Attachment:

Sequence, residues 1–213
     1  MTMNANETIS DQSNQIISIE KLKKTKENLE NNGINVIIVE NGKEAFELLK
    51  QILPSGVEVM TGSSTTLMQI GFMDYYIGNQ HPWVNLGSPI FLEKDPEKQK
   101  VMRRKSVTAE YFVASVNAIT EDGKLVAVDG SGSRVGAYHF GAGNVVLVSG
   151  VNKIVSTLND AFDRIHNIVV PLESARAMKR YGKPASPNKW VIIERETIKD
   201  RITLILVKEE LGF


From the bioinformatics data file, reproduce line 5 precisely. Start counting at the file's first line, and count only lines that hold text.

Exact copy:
   151  VNKIVSTLND AFDRIHNIVV PLESARAMKR YGKPASPNKW VIIERETIKD